If you are excited about someone’s work and believe it deserves wider recognition, we recommend you contact them and ask them to submit a proposal.

##Workshop proposals
If you are interested in teaching, sharing knowledge with the community and/or conducting professional trainings on CSS, front-end engineering and design, submit a proposal under workshop section. Specify past experience in teaching and conducting workshops. Even better if you share links to videos of workshops where you were an instructor.
We’ll host workshops starting October 2014 until April 2015.

###Buy tickets here:

Related events

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Meta Refresh is an umbrella forum for conversations about different aspects of design and product including: UX and interaction design CMS, content management, publishing and content marketing Information architecture more

Jaseem abid


How I Learned to Stop Worrying and Love the Flux

Submitted Mar 16, 2015

  1. Deep dive into flux, the principles and components
  2. Analyze responsibilities of each components and look at a sample implementation
  3. Walk through a non trivial example application and understand data flow and actions.
  4. Show how to do common tasks like routing, error handling etc in a unidirectional data flow model.
  5. Introduce audience to testing UI components and show how cool it is :)


This is the story of a four people UI team at Ideadevice moving from a fairly complicated traditional MVC app using YUI to react and flux, the lessons learned, the joys and pains of it. The results are fairly positive and we are excited to share the experience with a wider community.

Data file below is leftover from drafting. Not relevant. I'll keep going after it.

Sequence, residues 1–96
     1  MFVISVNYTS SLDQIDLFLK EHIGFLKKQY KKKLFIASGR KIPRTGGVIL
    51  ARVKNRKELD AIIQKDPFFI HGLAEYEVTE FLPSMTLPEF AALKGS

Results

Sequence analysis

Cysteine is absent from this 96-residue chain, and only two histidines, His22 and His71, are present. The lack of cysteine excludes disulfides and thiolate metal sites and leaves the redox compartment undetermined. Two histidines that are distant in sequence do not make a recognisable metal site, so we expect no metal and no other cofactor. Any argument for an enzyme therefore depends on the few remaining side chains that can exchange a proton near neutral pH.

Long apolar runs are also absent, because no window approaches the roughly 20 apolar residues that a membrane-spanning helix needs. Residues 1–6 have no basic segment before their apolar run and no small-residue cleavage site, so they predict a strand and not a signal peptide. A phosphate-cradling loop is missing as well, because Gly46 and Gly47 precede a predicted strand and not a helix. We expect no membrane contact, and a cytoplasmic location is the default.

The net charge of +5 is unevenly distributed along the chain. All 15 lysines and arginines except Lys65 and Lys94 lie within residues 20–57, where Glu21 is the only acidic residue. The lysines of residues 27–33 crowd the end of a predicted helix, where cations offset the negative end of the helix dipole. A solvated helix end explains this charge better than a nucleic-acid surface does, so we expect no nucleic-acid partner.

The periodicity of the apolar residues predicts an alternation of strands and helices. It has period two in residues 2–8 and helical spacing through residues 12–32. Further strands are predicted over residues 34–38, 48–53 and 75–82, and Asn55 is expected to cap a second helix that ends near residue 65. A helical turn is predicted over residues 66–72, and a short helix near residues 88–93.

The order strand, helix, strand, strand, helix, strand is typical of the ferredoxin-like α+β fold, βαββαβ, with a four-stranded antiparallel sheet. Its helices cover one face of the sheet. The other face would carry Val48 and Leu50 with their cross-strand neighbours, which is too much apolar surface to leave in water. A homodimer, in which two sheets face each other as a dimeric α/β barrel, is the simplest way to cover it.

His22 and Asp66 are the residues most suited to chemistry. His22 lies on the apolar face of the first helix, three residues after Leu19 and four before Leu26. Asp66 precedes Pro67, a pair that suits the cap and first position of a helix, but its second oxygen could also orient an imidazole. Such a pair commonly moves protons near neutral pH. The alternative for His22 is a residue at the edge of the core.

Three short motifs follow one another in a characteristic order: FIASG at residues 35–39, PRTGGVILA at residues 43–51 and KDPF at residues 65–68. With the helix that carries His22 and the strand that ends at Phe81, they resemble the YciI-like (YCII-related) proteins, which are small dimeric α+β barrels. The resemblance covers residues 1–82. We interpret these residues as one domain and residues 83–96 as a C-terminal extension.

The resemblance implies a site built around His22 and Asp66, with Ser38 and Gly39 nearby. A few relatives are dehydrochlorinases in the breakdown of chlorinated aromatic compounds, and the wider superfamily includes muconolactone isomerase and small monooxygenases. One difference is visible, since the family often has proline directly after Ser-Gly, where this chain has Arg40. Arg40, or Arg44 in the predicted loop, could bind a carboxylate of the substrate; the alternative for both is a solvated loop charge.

One of the most striking facts about Flux is that unlike react, it is a specification rather than a implementation. Multiple implementations of the idea exist and they all differ in some way or the other, leading to much confusion and newcomers tend to get lost in all the details. This talk aims to clarify things a bit and help people understand the ideas.

Talk will mostly concentrate on the original Flux architecture. This is not a react talk and we will only cover the minimum bits of it required to understand the concepts presented. Prior experience wont be necessary. Structuring large complex applications and testing will also be taken seriously.

Individual components of the architecture like the dispatcher and stores will be analyzed in detail and how we implemented each of them with minimum 3rd party libraries.

Eventually we would walk through a simple app, show how the data flows through and how actions propagate.


You need to get the joke references ;)

Prior knowledge with Flux will obviously help. An open mind to learn and unlearn things.

Speaker bio

I’m Jaseem Abid, currently hacking both UI and backend at Ideadevice. I’ve been fiddling with JS for around 4 years and have done the same old story of jQuery to Backbone to every other MVC framework out there. Codes JS and Python for a living. Haskell for everything else.



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Meta Refresh is an umbrella forum for conversations about different aspects of design and product including: UX and interaction design CMS, content management, publishing and content marketing Information architecture more